Raleigh, N. C.~Last week, I wrote about the inability of federal, law-based education reform to fix what really ails our schools. Top-down legislative change, even when marked by good intentions, is inherently problematic. This is because federal laws so often bear the imprimatur of well-financed interest groups and political powerbrokers – clearly not the most ardent advocates for the needs of children.
Fortunately, some lawmakers around the country are giving special interest lobbyists the boot, passing school-choice legislation that lets parents (not administrators) decide where kids go to school. At its most fundamental level, choice shifts the balance of educational power away from the establishment and back toward families; students are then free to use public dollars to attend the public or private school of their choosing. Currently, more than 20 different parental choice programs operate in 11 states, representing a sea of change in education reform ideology over the past two decades.
Even more remarkable is the fact that in the past eight days, legislative bodies in three states have passed choice legislation. On January 31st, the Georgia Senate passed the Special Needs Scholarship Act, giving public school students with disabilities scholarships to attend eligible private schools. On February 6th, the Virginia Senate passed the Students with Disabilities Tuition Assistance Grant Program, providing grants for special needs students to attend a nonsectarian private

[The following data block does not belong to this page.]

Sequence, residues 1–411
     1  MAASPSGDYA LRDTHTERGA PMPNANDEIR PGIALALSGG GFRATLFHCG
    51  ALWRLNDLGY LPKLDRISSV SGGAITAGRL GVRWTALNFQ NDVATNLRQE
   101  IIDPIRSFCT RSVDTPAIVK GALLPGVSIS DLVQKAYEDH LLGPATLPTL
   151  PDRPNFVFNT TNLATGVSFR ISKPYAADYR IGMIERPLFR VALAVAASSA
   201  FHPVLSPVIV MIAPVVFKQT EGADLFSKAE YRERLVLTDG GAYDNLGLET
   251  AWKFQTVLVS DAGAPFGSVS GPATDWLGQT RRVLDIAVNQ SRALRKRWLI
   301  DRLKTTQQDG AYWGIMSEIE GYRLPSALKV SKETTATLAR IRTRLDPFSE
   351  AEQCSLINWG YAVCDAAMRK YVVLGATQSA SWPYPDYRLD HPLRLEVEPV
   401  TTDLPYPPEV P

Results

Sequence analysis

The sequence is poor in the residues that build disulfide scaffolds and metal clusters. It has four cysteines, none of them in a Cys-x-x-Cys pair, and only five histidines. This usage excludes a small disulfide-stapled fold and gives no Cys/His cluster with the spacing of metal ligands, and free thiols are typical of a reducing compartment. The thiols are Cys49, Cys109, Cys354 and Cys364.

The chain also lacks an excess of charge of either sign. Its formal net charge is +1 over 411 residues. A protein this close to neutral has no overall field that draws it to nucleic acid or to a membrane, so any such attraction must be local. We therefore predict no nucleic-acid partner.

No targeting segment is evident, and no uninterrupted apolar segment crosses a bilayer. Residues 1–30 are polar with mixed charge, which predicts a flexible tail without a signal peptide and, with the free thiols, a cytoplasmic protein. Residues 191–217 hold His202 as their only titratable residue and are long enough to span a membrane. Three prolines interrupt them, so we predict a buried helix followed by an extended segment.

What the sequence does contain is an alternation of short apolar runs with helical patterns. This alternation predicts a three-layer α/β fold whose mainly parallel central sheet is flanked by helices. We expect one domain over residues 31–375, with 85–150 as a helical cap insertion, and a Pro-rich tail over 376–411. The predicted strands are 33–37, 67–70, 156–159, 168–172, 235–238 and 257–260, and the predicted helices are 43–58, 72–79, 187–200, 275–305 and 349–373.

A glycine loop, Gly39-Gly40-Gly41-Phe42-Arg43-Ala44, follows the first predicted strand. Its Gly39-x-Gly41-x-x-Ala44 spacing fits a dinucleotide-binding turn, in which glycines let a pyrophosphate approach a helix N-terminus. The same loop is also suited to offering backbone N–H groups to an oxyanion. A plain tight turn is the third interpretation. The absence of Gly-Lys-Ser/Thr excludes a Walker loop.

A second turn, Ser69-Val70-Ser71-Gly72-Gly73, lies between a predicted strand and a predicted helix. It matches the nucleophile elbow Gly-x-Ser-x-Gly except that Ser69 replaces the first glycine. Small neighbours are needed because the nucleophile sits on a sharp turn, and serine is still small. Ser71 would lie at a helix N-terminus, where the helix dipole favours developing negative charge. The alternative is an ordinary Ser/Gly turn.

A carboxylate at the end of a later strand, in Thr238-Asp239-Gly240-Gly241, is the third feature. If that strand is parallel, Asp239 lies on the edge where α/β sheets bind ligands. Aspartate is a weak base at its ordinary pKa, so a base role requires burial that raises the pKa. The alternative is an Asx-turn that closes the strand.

school of choice. That same day, the Utah House voted by a narrow margin (38 to 37) to pass House Bill 148, a universal Education Voucher program. If enacted, this legislation would provide every family in Utah with school choice – the first program of its kind in our country, and the culmination of Nobel laureate economist Milton Friedman’s vision of universal school choice.
Not surprisingly, the GOMs (Gatekeepers of Mediocrity) are wringing their hands, equating attempts to empower parents with choice as an attack on public schools, even though mounting research indicates choice is good for public schools. According to the Virginia Education Association (the state affiliate of the union behemoth, the National Education Association), the passage of choice legislation for special needs kids in that state marked “a sad day for Virginia’s public schools.” Boo-hoo, indeed!
Lindalyn Kakadelis heads the North Carolina Education Alliance.